As we think about a lot of our healthcare services businesses, the theme around greater integration of payers and providers is an interesting one. We see that with the evolution with Medicare Advantage and other forms of value-based care. Creating companies where you can have better collaboration with payers and providers is really important. For example, at Surgery Partners, we have had a lot of arrangements and conversations with different payers, where we’re taking a specific company or taking a region and creating more information flow.
Figuring out how patients can receive better care at lower costs—that’s where the essence of having the alignment of information and flow of information is critical. We’re thinking through ways in which we can implement that at many of our companies.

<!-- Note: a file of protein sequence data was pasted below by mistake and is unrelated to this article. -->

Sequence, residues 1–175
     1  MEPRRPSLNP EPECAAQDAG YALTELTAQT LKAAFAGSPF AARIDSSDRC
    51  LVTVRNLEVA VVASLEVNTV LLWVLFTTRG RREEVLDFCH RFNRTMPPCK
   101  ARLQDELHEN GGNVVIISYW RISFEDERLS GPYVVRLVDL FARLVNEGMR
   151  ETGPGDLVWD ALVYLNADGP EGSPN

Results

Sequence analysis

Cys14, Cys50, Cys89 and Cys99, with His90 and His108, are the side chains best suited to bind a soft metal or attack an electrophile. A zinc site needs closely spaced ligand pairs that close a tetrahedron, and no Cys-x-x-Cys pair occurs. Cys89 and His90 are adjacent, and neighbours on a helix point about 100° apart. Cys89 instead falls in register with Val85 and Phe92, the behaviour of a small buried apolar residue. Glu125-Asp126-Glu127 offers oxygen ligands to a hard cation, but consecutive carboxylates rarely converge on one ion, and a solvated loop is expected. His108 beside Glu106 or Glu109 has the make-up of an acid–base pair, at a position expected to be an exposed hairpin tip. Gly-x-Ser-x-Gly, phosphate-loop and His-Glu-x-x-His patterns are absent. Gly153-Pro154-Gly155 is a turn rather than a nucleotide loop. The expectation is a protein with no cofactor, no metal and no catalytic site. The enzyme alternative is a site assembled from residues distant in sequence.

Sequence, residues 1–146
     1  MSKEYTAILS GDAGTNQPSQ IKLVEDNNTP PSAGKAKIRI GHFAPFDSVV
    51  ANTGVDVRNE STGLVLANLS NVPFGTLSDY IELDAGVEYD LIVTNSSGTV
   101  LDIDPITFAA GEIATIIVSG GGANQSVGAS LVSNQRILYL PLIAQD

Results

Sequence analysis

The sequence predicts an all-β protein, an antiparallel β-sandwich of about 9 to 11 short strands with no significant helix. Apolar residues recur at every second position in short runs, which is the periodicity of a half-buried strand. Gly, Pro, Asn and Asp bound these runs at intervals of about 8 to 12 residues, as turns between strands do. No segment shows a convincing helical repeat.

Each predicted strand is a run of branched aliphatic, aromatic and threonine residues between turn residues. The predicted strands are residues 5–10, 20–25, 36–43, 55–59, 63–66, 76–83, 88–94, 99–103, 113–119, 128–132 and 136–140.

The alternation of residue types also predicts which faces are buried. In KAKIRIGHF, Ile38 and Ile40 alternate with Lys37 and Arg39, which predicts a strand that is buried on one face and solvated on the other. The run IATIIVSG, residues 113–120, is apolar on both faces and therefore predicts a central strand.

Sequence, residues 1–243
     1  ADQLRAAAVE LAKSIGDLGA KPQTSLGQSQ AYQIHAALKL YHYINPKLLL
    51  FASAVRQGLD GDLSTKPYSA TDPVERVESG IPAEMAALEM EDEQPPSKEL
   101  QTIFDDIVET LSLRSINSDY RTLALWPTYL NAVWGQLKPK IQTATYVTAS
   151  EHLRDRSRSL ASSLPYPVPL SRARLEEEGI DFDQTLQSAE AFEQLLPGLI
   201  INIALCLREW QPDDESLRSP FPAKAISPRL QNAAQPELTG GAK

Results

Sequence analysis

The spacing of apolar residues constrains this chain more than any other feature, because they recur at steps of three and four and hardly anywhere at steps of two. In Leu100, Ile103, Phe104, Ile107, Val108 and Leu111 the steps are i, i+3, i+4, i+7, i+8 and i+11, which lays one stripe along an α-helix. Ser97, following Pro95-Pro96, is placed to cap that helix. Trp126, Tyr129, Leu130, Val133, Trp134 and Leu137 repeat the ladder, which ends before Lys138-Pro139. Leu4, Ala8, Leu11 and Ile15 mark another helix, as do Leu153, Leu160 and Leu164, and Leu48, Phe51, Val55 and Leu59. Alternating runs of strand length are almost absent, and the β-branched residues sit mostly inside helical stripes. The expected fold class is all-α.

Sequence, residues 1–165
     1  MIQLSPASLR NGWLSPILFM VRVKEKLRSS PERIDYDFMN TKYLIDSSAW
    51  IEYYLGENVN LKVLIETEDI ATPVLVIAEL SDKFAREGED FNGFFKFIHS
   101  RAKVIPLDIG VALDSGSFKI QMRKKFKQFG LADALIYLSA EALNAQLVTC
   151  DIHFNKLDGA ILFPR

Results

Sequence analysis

Another theme we are very focused on is how technology is being used in healthcare. For example, at Aveanna, we’re developing a really innovative caregiver app that is like an Uber for nurses. This allows nurses to select how and when and where they’re going to work, ultimately enabling more patients to get the care they need. That is something we haven’t really seen elsewhere. Broadly, tech and healthcare is interesting, because we’re still in the early innings.
This interview was edited for clarity.